Public Health Seminar Series:

Healthy Societies, Healthy Individuals: The Impact of the Social Organization on Health Outcomes by Sigrun Olafsdottir

CO-SPONSOR: UC Irvine Branch of the California Census Research Data Center

CO-SPONSOR: GHREAT - The Global Health Research Education and Translation program at the University of California, Irvine. Learn more at:

Monday, February 1, 2016 12:00 PM - 1:00 PM Calit2 Auditorium OCW Video Archive
Seminar Abstract

Health outcomes and health inequalities are shaped by the interplay between individual characteristics and broader societal arrangements. At the individual level, factors such as social location, lifestyle choices, and use of health care impact health outcomes. At the national level, factors including access and quality of health care as well as social policies are likely to influence both health and health inequalities. Previous research has found consistent patterns at the individual level, for example by showing that those who are vulnerable in society generally experience worse health than those less vulnerable, but findings at the national level have been more mixed and sometimes contradictory. What is missing to a large extent, is research that evaluates how individual health “decisions” are embedded within the broader health and welfare system, specifically whether making decisions that are beneficial for health are more likely in countries with certain social policies. Using the 2011 International Social Survey Programme (ISSP) module on health, I evaluate the impact of health care “decisions” (e.g. use of services, delay of services) on physical and mental health outcomes, and test whether and how these decisions are impacted by the kind of health and welfare system they are made within. Preliminary findings indicate that individuals residing in countries that are more supportive in terms of health behavior and health care report better health than their counterparts in less healthy societies. This research shows the importance of not only looking at how social policies shape inequalities, but also considering the mechanisms that such policies produce, by enabling or constraining healthy lifestyles among the population.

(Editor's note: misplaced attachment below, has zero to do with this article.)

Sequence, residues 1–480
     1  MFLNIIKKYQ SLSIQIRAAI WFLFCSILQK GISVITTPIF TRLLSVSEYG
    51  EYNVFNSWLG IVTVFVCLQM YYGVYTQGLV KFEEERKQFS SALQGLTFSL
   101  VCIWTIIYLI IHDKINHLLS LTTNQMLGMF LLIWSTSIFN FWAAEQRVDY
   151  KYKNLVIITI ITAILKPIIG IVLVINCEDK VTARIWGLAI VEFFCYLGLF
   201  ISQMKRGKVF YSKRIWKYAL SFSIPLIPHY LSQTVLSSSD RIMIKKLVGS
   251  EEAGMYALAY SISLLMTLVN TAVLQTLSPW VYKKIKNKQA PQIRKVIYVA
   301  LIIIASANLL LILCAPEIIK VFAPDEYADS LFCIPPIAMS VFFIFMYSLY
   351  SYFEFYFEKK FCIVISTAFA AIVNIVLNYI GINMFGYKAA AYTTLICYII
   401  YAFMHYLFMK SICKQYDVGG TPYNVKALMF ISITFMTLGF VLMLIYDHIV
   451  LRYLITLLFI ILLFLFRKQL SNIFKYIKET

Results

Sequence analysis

Speaker Biography - Sigrun Olafsdottir

Sigrun Olafsdottir
Sigrun Olafsdottir Associate Professor, EDDA Center of Excellence, University of Iceland; Department of Sociology, Boston University
Dr. Sigrun Olafsdottir earned received a B.A. in sociology from the University of Iceland in 1998, a M.A. in sociology from Indiana University in 2002 and a Ph.D. in sociology from Indiana University in 2007. Her research and teaching interests include medical sociology, sociology of mental health, comparative research, political sociology, sociology of culture, gender, and research methods. In her work, she seeks to understand how institutional arrangements influence individual level outcomes. Frequently, but not exclusively, her focus is on health, illness, and healing. Her work entitled "Medicalizing Mental Health: A Comparative View of the Public, Private, and Professional Construction of Mental Illness explores how medicalization, as a social process," is constructed and addressed at multiple avenues within and across nations. Her other work focuses on how culture and politics impact issues of health, illness, and healing. For example, one stream of research focuses on how inequality and the welfare state impact health across nations with different social organization of welfare. Another stream of research explores the role of culture in understanding how and why individuals seek help for health problems.

Seminars are FREE and open to the public. If you can not attend, Videotapes of Public Health seminars are archived through the UC Irvine OpenCourseWare program - please visit OpenCourseWare:

For updates, please refer to this web page:

Copyright © 2018 The Regents of the University of California. All rights reserved.